I Google It.

I got to thinking that there must be some inviolate law of economics which would explain my behavior, so I searched the phrase, “complexity of task is so great that people won’t be bothered to do it. They would rather suffer the consequences instead.”

This search yielded lots of hits on how to stop procrastinating, but one link caught my eye: “How to use Parkinson’s Law to Your Advantage.”

(OK, you can stop reading now.  Here is where it gets crazy.)

I had read about Parkinson’s law before, about the Coefficient of Inefficiency, but all my question are not answered. When does an increase in consumption due to an increase in efficiency become less a matter of paradox, and more a matter of poor decision making? For example, as automobiles become more fuel efficient, rather than being responsible and increasing gas mileage, what has Detroit done? They have increased horsepower and in many cases, gas mileage has gotten WORSE!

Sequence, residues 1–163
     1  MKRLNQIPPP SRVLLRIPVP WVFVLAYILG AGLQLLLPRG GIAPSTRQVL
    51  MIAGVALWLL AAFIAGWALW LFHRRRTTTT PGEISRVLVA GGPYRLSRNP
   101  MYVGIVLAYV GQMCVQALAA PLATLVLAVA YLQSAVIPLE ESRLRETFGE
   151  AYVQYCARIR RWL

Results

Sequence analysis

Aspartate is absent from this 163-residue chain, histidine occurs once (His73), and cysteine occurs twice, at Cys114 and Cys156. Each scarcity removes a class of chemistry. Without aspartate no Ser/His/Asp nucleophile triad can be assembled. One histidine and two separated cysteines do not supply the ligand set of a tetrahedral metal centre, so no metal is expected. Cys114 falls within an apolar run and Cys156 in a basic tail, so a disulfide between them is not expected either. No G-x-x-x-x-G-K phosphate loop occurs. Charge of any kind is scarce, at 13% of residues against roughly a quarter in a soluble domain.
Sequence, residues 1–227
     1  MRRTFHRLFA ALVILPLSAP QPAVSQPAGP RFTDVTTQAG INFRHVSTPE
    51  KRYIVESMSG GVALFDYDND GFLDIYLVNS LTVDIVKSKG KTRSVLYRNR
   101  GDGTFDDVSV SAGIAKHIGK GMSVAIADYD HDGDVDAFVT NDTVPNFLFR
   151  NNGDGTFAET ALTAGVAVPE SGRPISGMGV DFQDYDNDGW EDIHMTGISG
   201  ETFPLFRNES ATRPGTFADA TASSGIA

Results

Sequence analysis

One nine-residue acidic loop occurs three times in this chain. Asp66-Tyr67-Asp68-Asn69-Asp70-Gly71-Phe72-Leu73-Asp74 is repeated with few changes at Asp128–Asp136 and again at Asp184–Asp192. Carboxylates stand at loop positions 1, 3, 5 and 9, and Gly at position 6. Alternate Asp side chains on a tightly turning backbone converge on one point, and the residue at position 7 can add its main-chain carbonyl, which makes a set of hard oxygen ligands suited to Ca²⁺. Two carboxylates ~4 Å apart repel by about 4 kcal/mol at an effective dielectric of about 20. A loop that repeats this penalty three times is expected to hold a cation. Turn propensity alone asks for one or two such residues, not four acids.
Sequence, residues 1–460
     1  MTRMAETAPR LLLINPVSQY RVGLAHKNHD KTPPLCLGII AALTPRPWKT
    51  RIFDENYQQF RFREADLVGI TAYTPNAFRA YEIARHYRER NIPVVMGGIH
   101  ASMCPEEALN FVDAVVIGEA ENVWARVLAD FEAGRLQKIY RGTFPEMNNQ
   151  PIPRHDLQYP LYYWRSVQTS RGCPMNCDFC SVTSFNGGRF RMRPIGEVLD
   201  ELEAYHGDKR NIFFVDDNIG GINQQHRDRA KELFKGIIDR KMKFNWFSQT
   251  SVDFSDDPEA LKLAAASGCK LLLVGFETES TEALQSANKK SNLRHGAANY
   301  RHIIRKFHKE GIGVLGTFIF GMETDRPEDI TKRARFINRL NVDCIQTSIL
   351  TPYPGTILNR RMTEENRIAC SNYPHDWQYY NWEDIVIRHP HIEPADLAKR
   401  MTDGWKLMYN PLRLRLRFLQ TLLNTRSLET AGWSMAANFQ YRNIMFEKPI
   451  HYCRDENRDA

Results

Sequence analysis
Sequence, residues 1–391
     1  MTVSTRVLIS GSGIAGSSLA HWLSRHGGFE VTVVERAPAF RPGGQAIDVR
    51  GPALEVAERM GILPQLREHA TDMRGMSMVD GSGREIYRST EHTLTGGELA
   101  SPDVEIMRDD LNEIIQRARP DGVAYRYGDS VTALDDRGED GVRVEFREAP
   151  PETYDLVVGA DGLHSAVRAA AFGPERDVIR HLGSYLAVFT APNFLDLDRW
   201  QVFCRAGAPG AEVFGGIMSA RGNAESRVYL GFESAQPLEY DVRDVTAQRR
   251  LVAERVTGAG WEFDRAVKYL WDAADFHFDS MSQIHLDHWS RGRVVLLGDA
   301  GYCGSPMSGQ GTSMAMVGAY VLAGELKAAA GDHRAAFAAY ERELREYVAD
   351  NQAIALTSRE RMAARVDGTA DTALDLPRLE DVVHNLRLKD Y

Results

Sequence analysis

This is the Paradox, the absurd contradiction. The price of gas hits $5.00 a gallon, but still people can be bothered to buy cars, put gas in them, and do what they always do. They don’t mind the longer hours at work, lower wages, less savings, and more money, more money,  more money being thrown down the rabbit hole. The most exquisite paradox of all is that if everyone is raising prices, then nobody is raising prices! Except the first few people, who experienced a momentary, monetary gain!  Then there is the additional vector of manufacturing and consumers placing visceral pleasure over social responsibility. Is this Parkinson’s law, Jevon’s Pradox, or poor decision making?

Does the amount of pleasure derived from an act have something to do with all of this? (tongue in my cheek, we know it does).  Jevon’s Paradox states that with any increase in technical efficiency, there will be a corresponding increase in demand.  I would add that the demand will always outpace the efficiency.  It’s a paradox because one would expect that as efficiency increase, then the demand for raw materials would decrease.  For example, think of automobiles. Fuel efficiency has improved, yet the demand for gasoline continues to increase.

But is this really a paradox, or mightn’t it just be stupidity?